How we look matters to Washington Post fashion editor Robin Givhan.
The 46-year-old Detroit native contends that, like it or not, our style says something about how we live, what we value and who we are as a community. That notion goes double for public figures and power brokers.
So what was first lady Michelle Obama saying when she stepped off Air Force One wearing thigh-high hiking shorts last summer? Givhan summed it up thusly: "It does American culture no favors if a first lady tries so hard to be average that she winds up looking common."
What was the deal when presidential hopeful Hillary Clinton flashed cleavage from the Senate floor? Givhan wrote: "To display cleavage in a setting that does not involve cocktails and hors d'oeuvres is a provocation."
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Givhan's fearless and pointed observations have put her in a career class by herself. In 2006, she became the first fashion writer to win a Pulitzer Prize, journalism's highest honor.
Her award-winning entry for criticism featured, among other columns, a takedown of then-Vice President Dick Cheney for wearing a ski parka —"typically the kind of attire one wears to operate a snow blower" — to a gathering of world leaders to commemorate the 60th anniversary of the liberation of the Auschwitz concentration camp.
Givhan grew up in northwest Detroit and notched her first reporting job at the Detroit Free Press in 1988, where she initially covered nightlife and the emergence of techno and house music. When a spot opened up to cover fashion, Givhan raised her hand and the Free Press assigned her to report on menswear.
Givhan joined the Washington Post in 1995. She moved to New York City to work for Vogue magazine in 2000, but returned to the Post after six months.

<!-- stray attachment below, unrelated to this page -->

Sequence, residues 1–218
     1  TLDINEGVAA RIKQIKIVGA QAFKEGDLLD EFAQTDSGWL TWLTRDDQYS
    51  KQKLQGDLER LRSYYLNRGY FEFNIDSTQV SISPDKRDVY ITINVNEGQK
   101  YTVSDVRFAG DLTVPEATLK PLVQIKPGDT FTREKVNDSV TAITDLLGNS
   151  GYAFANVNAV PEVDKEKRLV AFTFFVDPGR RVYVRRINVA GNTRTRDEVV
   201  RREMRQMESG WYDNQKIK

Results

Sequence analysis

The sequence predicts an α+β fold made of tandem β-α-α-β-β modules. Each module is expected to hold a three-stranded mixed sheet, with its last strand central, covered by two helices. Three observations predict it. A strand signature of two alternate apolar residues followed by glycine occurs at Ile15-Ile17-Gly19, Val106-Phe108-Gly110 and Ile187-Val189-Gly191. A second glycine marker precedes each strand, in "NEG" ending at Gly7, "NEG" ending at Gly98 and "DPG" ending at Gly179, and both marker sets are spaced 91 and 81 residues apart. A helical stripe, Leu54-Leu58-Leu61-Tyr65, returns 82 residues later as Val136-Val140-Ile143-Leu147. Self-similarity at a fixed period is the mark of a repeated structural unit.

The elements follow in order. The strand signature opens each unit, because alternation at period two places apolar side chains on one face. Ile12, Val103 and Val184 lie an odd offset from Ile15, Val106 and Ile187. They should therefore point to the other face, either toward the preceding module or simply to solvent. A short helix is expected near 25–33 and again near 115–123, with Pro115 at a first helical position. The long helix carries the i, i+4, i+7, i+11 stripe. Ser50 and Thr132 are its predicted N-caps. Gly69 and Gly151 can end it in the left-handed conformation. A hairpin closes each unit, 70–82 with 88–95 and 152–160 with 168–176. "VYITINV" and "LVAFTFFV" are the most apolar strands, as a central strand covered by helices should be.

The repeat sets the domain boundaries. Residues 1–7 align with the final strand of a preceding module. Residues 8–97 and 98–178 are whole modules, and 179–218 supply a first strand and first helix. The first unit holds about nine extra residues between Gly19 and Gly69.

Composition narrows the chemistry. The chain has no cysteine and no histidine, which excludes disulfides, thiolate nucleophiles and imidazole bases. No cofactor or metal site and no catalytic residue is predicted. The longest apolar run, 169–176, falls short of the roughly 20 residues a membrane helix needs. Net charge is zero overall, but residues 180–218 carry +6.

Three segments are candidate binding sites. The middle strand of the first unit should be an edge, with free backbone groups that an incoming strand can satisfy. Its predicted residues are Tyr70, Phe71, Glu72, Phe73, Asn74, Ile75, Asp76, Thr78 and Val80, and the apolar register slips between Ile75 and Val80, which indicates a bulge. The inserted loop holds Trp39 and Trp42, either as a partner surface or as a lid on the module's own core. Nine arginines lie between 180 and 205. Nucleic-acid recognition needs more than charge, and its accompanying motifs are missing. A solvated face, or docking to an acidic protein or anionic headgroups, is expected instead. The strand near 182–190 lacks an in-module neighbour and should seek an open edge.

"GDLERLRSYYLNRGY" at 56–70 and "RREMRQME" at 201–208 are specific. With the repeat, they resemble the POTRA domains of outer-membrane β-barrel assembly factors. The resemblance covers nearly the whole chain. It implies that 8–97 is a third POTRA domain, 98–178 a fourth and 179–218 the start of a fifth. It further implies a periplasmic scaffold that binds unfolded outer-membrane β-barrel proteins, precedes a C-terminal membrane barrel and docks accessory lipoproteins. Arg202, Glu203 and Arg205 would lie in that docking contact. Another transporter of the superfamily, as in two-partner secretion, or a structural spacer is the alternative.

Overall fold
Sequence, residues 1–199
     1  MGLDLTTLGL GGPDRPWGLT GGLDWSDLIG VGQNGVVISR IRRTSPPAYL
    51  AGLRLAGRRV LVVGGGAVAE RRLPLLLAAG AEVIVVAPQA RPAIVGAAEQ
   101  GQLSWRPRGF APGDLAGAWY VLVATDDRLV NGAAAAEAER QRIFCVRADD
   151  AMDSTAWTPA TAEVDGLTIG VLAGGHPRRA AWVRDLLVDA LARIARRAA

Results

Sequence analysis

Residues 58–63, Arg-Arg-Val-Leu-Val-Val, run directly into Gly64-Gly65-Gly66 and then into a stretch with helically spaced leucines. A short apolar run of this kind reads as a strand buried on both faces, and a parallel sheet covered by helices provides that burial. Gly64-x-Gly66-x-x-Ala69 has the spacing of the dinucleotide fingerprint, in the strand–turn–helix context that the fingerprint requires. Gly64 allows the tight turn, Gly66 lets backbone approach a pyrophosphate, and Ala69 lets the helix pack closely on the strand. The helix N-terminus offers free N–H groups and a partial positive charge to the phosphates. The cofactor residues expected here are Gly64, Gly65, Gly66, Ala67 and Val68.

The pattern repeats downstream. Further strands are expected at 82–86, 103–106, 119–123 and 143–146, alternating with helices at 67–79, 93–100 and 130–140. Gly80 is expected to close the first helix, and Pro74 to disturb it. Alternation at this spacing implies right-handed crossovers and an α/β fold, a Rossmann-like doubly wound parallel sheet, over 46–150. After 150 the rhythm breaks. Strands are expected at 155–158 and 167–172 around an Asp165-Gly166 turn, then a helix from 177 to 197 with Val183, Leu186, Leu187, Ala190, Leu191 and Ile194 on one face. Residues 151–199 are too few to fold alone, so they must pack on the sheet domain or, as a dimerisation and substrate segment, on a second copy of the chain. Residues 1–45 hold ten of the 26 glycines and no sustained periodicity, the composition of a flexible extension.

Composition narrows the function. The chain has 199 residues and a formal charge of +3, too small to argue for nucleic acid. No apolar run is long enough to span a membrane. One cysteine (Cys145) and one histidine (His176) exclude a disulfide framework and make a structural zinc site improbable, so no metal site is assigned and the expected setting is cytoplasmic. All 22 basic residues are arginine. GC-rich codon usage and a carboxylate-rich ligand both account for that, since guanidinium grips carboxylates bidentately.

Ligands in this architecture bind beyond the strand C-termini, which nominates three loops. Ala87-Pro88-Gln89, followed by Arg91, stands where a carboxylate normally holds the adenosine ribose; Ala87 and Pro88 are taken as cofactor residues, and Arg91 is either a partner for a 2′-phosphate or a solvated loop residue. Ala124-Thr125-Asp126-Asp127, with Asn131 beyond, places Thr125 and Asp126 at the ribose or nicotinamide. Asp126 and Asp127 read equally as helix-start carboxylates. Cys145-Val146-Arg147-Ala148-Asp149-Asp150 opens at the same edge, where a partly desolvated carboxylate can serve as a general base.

The author of "Michelle: Her First Year as First Lady" (Triumph, $14.95) lives near Capitol Hill with her West Highland terrier, Ruby. Givhan spoke with us about her work and the personalities — from the first lady to the fashionistas — who populate "The Washington Catwalk," the title of a recent lecture.
In the context of modern life — the recession, unemployment, strained international relationships — why is the style of the first lady relevant?
She is first and foremost the representative of the American people on the world stage. She's not representing the policies and the politics. She's representing the people. It's hugely important. It reflects on how we see ourselves, the way she presents herself. We like having somebody who manages to walk this line in terms of high and low.
One of the things she's been quite good at is choosing designers who epitomize the idea of small business owners. They were companies founded by a person with a bolt of fabric and a dream, and they build them into sustainable businesses that employ a significant number of people. During the worst depths of the recession, the fashion industry muddled through; nobody got a bailout.